Ms Hela replied that currently there were 140 staff members in the Secretariat: 70 technical and 70 administrative staff. There were 23 vacancies for technical posts and three temporary employees against those vacant posts. In 2011, MCC appointed 12 technical people and requested an additional 26 technical posts. This capacity was still not adequate and was not close to that of the USA and EU.

Prof Eagles said that t
he MCC had 200 medical experts in the Expert Committees, compared to the USA and EU, each which had 3000 PhDs providing input on medicine registration in their country. The USA and EU also collaborated weekly through video conferencing. Through restructuring, MCC hoped to improve on relationships with other countries.

Mr M Hoosen (ID) commented that he had never received a patient leaflet regarding the medication he purchased. He added that the problem of communication to the rural people via the internet and newspapers was nothing new, yet MCC did not offer a plan on how the public would be educated effectively. If people were educated on the impact of illegal medications and self-medication, they would report illegal operations and many of the current problems would not exist.

Ms M Dunjwa (ANC) asked if MCC could offer product information in the languages of the people. People in the rural areas were taking prescribed medications without adequate instruction.

Ms T Kenye (ANC) asked if MCC, in its management of dissemination of information, was ethical towards patients who were illiterate.

Ms Hela agreed that the situation was unacceptable and that regulation and legislation did not enforce that patients received adequate product information. Legislation stipulated that patient leaflets should be available at the site of dispensation. MCC was engaging with industry to identify suitable methods of dissemination of information. It was clear that electronically generated information was not worthwhile.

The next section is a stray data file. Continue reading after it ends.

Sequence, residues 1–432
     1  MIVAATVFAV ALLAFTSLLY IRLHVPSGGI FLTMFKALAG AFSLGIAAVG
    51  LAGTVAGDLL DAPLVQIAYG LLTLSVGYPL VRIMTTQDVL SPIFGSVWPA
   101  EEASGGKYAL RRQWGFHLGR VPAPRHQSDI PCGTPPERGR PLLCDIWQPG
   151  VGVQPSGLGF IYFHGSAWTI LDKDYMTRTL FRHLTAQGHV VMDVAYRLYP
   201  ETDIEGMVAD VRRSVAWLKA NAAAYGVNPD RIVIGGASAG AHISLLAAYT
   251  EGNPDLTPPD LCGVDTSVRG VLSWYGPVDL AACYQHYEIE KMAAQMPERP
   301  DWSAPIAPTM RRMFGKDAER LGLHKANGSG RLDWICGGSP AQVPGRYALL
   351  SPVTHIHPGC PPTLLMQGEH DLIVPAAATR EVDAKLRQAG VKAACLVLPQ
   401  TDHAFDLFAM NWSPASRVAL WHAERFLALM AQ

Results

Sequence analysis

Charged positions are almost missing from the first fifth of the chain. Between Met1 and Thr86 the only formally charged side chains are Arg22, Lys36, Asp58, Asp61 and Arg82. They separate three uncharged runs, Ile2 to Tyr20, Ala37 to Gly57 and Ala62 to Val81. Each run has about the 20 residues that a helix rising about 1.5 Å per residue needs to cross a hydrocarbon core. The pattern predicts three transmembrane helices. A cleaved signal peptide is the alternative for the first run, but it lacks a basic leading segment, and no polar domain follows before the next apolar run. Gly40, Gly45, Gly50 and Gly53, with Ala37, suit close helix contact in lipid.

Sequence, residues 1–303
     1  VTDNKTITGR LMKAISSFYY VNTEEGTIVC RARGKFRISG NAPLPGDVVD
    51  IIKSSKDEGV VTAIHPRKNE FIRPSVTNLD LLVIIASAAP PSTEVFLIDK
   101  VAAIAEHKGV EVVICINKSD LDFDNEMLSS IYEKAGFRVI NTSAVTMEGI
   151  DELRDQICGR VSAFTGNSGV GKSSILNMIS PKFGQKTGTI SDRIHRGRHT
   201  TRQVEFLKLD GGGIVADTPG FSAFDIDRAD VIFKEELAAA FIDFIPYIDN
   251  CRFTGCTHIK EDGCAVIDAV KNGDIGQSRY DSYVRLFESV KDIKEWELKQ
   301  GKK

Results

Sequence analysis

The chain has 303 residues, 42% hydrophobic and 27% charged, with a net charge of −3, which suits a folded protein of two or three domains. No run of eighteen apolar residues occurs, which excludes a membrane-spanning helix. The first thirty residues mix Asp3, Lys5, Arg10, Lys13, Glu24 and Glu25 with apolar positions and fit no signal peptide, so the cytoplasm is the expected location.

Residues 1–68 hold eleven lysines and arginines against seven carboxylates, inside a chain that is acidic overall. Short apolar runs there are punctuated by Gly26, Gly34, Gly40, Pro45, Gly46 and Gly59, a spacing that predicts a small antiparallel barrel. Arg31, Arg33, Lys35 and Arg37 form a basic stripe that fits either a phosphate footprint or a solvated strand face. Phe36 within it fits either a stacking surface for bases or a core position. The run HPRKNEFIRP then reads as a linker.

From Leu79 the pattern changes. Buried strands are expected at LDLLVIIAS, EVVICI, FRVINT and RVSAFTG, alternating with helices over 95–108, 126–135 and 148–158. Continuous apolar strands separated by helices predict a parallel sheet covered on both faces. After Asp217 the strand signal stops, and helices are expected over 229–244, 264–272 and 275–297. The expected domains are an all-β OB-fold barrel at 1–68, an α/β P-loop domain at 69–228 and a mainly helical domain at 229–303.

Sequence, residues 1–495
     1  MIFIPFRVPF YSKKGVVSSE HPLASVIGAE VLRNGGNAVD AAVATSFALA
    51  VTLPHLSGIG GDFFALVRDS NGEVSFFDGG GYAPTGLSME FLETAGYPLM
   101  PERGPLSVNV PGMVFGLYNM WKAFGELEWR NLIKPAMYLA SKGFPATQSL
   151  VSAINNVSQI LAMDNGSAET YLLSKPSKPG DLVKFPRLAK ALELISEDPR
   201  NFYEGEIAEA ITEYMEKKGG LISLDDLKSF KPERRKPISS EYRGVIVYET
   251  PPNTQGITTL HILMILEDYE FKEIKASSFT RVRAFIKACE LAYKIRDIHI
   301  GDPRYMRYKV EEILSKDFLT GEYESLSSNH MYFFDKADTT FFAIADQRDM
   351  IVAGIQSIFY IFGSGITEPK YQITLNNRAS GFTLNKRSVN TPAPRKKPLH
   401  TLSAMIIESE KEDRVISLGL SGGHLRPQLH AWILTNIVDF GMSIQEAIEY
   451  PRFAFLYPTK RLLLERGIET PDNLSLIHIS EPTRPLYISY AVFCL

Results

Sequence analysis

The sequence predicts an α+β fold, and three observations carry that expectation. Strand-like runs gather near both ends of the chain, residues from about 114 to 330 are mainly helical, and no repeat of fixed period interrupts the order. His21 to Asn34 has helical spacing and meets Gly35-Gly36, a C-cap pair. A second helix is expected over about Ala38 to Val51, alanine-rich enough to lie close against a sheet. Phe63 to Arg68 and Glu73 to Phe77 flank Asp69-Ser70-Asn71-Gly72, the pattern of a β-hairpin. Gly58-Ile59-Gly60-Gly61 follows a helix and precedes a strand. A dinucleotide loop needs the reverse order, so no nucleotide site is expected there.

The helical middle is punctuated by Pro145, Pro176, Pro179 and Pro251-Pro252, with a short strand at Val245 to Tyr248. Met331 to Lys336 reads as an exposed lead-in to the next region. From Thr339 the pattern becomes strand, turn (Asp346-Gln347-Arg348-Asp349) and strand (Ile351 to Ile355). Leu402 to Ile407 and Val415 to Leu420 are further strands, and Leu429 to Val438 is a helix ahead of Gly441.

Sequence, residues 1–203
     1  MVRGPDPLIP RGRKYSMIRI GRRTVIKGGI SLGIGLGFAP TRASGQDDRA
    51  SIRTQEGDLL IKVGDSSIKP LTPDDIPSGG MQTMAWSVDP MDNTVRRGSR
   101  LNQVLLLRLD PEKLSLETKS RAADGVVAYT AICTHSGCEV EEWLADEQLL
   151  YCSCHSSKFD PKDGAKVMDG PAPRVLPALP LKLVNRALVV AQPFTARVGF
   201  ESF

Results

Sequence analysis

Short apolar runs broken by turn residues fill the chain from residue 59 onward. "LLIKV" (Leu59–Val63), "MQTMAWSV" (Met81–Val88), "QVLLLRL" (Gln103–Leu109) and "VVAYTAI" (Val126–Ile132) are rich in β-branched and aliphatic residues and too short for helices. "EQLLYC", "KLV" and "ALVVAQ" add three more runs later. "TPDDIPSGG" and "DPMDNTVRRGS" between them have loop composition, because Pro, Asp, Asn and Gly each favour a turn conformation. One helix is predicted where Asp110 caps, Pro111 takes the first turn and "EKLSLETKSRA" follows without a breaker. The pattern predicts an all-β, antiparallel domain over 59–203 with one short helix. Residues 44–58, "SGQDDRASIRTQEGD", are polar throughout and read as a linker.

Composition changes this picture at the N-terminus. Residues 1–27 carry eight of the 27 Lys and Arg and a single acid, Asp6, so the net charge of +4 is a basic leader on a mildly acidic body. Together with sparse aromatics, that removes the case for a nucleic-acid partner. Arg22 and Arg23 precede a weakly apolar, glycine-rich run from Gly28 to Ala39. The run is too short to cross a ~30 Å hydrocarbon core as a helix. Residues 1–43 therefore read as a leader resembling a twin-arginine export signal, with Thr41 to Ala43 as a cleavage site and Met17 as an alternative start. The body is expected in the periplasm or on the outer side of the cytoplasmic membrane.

Prof Eagles agreed that MCC communication with the public in the Government Gazette and through the Department of Health was not adequate. MCC had always believed that it should have its own communications office. However, when MCC had to convey urgent information to the public, it resorted to other measures such as official letters to the public. The MCC Legal Committee informed the board on decisions in accordance with the Act and was currently dealing with withdrawal of a painkiller manufactured by Adcock Ingram which caused Q-T prolongation of the heart muscle and which could cause cardiac arrest.

Mr Smith asked to what extent the requirements listed for clinical trials applied to Indigenous Medicines.

Ms Hela replied that once the African Traditional Medicine Practitioners Bill was passed, MCC would play a larger role in regulation of Indigenous Medicines. MCC regulated commercially produced medicines only. Currently, Indigenous Medicines were ingested at the person’s own risk.

Mr D Kganare (COPE) said that he believed that registration of African Traditional Medicine should be listed as a challenge for the MCC.

Ms Hela agreed that African Traditional Medicine should be listed under MCC challenges.

Prof Eagles said that in the past, people had faith in the MCC but more recently, thousands of Complementary Medicines had flooded the informal market and regulation of such medicine was lacking. MCC was interested in supporting the use of all classes of medicines and to ensure that they could continue to be used; that they were safe, efficacious, of good quality and for the good of the public.

Ms M Segale-Diswai (ANC) commented that the issue of registration of Traditional Medicines was critical as people were over-dosing and not educated on the risks and contra-indications. The high rate of public consumption of these medicines would continue, irrespective of whether they were approved by MCC or not.

Ms More asked what MCC’s strategy was to manage Traditional Medicine as it involved a vast amount of medicines and would require a great deal of skilled staff.

Ms Hela replied that the